The internal, pith and pith-rind interface, fractions of two sugar cane clones were hydrolyzed with mixtures of purified cellulases and of cellulases and xylanases. The cellulase mixture (C) was composed of purified cellulases Tr Cel7A, Tr Cel6A, Tr Cel5A, and Tr Cel7B in a ratio 60:20:10:10 at a total protein dosage of 5 mg/g dry weight (DW) supplemented with β-glucosidase An Cel3A at 10.0 IU/g DW; the xylanase mixture (X) was composed of xylanase Tm Xyn10A at 0.25 mg/g DW and β-xylosidase Bp Xyn43 at 10 IU/g DW dosage.

Due to the abundance of parenchyma cells with thinner cell walls and the lower occurrence of vascular bundles, the pith was more accessible than the outer pith-rind interface fraction in both clones. The pith fraction yielded twice as much glucose with both C and C-X mixtures (70 to 77% of total glucan) than the pith-rind interface (25 to 44% of total glucan) (Figure 1), as also observed in earlier work using commercial cellulases by Costa et al.[3]. Due to the 27 to 30% lower lignin content in H58 (Table 1), both pith and interface fractions were hydrolyzed more readily when compared to those in the RC. An almost twofold difference in the efficiency of cellulose hydrolysis could be observed during the course of hydrolysis in the interface fractions: 25% of total glucan was released after 72 h in the RC and 41 to 44% of total glucan in H58 (Figure 1B). This difference was much less pronounced, although noticeable, between the less resistant pith fractions. After 72 h of reaction, the glucose release from the RC and H58 piths leveled at similar values: 70% of total glucan in RC and slightly higher, 73 to 77% of total glucan, in H58 with the C and C-X mixtures (Figure 1A).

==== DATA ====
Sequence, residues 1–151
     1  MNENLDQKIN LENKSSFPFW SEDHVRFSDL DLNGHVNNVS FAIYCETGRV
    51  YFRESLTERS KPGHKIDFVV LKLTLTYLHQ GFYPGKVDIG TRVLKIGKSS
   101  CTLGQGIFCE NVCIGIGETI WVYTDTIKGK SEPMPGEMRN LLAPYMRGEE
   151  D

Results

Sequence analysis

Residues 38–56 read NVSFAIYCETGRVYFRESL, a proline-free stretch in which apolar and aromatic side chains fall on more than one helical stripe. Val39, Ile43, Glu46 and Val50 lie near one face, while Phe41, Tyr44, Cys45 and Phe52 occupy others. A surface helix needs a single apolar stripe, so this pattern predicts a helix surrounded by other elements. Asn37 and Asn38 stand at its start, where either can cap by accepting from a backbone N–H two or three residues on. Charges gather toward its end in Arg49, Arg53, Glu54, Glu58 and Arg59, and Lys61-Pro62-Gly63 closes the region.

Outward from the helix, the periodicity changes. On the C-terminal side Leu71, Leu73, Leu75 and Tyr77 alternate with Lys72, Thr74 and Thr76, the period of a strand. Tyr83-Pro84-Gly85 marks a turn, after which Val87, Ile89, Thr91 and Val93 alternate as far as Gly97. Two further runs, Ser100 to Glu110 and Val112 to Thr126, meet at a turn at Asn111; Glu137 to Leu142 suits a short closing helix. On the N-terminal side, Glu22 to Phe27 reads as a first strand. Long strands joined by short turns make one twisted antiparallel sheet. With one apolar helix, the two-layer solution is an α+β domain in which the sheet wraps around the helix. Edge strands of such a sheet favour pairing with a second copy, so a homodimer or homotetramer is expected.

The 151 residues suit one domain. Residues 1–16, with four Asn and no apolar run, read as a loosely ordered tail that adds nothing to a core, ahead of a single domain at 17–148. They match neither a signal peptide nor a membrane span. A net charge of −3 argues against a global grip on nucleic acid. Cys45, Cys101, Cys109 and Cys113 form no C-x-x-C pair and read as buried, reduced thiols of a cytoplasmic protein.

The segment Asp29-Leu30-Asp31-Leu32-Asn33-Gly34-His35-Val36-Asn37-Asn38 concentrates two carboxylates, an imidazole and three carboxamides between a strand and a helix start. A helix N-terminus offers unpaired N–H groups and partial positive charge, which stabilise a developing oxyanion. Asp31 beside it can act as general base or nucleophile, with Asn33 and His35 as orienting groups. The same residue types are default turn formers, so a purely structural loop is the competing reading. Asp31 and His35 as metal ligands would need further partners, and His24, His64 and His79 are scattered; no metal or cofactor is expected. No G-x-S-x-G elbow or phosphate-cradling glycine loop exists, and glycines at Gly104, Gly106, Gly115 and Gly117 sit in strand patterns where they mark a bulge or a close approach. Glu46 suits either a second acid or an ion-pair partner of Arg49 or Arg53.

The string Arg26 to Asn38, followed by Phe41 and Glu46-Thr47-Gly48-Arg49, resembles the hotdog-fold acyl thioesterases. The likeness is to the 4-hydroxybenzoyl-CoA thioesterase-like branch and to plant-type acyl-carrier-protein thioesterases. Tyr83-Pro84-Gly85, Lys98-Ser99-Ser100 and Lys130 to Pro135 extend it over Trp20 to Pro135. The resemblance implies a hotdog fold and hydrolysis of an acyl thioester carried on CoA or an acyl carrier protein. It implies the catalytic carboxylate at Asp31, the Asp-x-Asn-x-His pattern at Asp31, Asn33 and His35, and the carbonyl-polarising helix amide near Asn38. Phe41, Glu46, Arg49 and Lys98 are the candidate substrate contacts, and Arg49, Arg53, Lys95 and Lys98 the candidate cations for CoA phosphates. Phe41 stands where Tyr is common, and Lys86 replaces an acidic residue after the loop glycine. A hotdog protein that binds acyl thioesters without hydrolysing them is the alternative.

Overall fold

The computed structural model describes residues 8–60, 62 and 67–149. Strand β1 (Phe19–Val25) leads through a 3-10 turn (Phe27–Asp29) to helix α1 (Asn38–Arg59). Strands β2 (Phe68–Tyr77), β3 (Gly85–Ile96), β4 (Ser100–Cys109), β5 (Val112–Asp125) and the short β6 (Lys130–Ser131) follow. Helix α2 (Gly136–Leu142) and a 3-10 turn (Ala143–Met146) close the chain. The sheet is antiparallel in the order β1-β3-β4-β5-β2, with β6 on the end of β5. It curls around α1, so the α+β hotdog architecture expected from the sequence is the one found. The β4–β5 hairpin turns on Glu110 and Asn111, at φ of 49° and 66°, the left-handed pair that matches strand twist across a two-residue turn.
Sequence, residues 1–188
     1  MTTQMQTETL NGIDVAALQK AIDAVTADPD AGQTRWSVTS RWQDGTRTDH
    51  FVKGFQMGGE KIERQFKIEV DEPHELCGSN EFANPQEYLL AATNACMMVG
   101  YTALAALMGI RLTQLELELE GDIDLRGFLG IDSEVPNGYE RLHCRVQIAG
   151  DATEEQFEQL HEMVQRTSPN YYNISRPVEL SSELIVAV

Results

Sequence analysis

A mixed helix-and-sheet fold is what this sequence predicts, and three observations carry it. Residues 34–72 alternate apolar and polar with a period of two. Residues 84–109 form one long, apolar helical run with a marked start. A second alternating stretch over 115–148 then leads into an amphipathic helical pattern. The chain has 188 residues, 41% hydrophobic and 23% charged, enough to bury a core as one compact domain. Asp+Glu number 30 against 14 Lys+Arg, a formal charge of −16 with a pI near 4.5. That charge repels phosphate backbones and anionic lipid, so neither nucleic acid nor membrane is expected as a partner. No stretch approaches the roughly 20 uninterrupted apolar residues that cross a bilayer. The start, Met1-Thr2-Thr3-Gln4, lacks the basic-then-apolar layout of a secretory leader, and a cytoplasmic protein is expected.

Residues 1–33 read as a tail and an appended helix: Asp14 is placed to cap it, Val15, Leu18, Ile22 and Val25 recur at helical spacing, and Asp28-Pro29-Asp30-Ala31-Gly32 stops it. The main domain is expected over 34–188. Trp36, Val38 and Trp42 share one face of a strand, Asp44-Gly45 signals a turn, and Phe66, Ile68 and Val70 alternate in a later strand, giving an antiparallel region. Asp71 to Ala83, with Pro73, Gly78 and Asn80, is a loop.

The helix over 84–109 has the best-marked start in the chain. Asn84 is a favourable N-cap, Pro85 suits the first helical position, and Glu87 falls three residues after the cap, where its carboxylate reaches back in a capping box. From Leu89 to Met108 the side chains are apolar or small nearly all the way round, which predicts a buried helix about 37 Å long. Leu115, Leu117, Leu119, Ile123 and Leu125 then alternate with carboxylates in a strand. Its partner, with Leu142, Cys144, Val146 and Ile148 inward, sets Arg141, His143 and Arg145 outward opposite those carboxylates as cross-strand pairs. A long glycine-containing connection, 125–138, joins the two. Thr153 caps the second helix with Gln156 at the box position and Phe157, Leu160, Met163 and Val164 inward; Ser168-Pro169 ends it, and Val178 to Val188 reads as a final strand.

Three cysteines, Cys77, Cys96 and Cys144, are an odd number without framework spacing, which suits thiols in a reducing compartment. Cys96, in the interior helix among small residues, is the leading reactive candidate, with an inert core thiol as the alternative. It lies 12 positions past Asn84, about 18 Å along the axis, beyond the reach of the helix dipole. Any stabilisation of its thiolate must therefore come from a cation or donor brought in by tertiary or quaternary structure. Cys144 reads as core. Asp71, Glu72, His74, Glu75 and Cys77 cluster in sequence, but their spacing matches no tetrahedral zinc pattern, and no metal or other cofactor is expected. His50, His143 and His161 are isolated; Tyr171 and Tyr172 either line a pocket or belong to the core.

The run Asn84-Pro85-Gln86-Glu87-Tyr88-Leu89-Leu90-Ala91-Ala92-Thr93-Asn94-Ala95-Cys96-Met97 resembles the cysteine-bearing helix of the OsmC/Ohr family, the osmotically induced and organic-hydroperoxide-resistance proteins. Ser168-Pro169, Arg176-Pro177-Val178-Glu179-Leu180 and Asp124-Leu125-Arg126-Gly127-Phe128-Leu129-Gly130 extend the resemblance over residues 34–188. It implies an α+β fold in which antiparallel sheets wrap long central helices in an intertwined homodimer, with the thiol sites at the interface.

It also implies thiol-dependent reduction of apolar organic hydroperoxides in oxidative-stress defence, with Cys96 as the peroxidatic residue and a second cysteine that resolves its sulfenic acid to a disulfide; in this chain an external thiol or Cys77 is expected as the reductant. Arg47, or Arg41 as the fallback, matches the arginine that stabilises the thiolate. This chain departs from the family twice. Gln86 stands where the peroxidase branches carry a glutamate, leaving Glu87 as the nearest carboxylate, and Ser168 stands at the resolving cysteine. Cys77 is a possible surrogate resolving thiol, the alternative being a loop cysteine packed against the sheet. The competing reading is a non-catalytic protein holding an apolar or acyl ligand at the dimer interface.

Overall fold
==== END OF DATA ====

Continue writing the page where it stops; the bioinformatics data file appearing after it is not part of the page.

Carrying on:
Figure 1

The effect of xylanase supplementation on enzymatic glucose release from sugar cane fractions. Hydrolysis of pith (A) and interface (B) fractions of the sugar cane clones H58 (red square marks) and RC (blue triangle marks) with cellulase mixture with (C-X; open symbols) and without (C; full symbols) xylanase. The loading of cellulases was 5 mg/g DW, of xylanase 0.25 mg/g DW. For further details see Materials and methods section.

Despite the high xylan content of RC, (18.2% of DW in interface and 15.3% in pith), the addition of xylanase had only a slight effect on the overall glucose release from the RC fractions after 24 h (Figure 1). As a result of xylanase addition, alteration from the yield obtained with the mixture C could only be observed in the initial phase of hydrolysis. The slight increase was, however, significant only in the initial hydrolysis (t-test: P < 0.01 at 4 h and P < 0.10 for RC pith at 8 h; P < 0.01 up to 8 h for H58 pith) of pith in RC (Figure 1A). The variation between batches of H58 internodes resulted in a high standard deviation in glucose release (Figure 1), overshadowing differences between the enzyme mixtures in conversion yield (t-test: P = 0.163 at 4 h and P = 0.096 at 8 h for H58 interface).